• I don't recall Clinton complaining about the caucus system when it seemed like she was the inevitable nominee. Now it sounds like sour grapes. Maybe the caucus are unfair, just like maybe the electoral college is unfair. But that's the way the election rules are set up, and you can't fault Obama for coming up with a strategy that takes advantage of that.

    The fact is, Clinton thought she was going to be able to walk to the nomination without worrying about caucuses or those pesky little flyover states, and so she basically ignored them until it was too late.

    By Anonymous Fred App, At 09 February, 2008 12:26  

  • These caucuses that allow republicans to help determine the Democratic nominee are inherently unfair. Hopefully the nominee is the choice of those that end up voting for a Democrat in November. We all can clearly see that the republicans would rather face Obama, despite the polling.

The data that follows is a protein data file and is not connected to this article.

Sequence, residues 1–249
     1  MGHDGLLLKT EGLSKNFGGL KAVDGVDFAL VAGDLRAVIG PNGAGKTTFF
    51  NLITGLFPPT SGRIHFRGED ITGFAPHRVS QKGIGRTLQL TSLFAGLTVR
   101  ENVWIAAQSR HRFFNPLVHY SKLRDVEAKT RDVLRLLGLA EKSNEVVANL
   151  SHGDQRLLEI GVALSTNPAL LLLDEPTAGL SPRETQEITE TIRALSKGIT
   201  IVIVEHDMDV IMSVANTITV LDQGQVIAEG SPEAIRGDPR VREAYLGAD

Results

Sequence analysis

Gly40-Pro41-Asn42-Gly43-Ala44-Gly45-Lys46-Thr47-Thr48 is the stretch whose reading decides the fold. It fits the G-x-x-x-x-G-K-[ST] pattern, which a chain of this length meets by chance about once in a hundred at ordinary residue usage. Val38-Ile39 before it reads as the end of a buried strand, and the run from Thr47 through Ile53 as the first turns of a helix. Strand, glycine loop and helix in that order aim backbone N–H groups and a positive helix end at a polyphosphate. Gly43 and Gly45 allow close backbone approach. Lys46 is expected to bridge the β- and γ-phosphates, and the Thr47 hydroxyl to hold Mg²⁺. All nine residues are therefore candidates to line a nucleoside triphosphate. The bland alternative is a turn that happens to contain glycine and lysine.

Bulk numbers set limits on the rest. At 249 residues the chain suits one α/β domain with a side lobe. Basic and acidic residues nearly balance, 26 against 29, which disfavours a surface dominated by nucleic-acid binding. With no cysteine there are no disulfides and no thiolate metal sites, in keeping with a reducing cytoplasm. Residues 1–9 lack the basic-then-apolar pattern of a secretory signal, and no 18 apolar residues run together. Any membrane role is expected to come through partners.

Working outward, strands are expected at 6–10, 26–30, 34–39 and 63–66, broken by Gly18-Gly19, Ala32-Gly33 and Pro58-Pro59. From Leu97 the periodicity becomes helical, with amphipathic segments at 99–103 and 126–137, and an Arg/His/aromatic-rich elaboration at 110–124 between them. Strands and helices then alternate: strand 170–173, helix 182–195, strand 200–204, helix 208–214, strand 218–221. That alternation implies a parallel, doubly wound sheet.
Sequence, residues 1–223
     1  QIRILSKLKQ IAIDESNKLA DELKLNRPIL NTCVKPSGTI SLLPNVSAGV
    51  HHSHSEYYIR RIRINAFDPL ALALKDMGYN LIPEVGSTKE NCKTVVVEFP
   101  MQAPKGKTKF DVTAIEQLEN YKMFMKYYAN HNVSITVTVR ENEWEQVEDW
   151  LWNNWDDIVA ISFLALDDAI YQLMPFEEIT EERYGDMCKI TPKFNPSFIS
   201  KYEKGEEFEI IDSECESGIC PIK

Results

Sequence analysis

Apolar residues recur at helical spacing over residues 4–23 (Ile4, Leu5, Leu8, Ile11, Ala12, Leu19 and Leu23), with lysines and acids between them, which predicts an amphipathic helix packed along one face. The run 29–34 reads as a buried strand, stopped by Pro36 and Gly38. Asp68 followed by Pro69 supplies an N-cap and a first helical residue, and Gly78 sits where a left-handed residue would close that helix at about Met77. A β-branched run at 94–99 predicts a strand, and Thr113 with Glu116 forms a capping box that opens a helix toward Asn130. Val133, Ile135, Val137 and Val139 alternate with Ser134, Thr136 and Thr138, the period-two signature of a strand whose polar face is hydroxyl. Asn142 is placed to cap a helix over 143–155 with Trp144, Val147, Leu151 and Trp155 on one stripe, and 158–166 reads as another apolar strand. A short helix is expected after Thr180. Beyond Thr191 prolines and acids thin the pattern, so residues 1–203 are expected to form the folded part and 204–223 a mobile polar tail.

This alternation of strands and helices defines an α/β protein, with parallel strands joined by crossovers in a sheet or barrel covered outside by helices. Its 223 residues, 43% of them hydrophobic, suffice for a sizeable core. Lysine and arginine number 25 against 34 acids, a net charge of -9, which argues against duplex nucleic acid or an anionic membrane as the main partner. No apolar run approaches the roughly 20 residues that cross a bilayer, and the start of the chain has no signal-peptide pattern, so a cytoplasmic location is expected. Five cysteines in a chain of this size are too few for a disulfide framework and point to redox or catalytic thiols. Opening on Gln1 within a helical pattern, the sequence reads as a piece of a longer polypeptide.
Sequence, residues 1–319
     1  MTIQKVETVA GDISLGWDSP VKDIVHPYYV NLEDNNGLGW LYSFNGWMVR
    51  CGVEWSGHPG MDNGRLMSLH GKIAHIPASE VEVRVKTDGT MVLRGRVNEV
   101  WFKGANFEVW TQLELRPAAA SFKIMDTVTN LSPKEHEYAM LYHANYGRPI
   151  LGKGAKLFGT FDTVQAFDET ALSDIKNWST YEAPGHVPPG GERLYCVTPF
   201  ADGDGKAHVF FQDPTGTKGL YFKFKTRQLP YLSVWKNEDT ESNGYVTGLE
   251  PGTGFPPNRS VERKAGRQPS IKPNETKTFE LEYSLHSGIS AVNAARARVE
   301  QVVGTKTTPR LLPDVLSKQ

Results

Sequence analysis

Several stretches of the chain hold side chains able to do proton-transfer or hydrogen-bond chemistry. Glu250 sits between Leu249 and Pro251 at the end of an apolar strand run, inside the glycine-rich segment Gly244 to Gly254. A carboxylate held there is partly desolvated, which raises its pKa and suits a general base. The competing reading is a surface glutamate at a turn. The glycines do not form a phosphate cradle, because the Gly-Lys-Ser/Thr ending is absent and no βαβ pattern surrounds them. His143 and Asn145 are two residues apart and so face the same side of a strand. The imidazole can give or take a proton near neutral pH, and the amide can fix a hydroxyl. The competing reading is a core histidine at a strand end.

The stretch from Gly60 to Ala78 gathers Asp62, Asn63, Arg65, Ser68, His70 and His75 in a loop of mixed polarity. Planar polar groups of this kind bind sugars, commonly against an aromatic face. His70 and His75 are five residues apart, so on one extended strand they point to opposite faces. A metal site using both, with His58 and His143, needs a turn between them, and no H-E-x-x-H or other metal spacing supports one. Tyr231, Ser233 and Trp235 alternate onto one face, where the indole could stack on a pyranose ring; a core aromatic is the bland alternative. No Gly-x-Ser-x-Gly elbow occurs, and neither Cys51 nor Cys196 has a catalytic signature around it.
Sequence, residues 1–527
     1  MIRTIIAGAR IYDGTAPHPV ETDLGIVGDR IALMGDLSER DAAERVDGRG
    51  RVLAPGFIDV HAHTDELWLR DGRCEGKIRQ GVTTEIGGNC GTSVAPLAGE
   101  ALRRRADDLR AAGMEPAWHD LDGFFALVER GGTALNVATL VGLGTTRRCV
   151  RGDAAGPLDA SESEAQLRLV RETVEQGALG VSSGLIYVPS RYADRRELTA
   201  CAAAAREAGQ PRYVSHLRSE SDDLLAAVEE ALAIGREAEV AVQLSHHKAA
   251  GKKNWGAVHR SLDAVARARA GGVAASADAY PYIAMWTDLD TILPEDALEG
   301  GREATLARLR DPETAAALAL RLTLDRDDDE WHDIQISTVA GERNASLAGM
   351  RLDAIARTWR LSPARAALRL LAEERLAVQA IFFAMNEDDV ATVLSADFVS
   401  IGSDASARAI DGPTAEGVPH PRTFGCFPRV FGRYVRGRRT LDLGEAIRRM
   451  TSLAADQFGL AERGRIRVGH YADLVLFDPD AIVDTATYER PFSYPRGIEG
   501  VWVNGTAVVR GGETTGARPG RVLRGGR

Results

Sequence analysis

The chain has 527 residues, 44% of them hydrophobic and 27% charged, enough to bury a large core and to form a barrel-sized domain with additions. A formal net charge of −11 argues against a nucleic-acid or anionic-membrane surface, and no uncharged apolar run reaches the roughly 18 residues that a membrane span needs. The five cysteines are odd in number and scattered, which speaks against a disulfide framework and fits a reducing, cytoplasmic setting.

By Anonymous Anonymous, At 09 February, 2008 13:37  

  • Taniel:
    From what I hear, the SUSA poll coming out for MD/VA is not too reliable for the methodolgy they used. Its a push button poll and is not really reliable in the details of - registedred voters/age etc

    By Anonymous Anonymous, At 09 February, 2008 14:48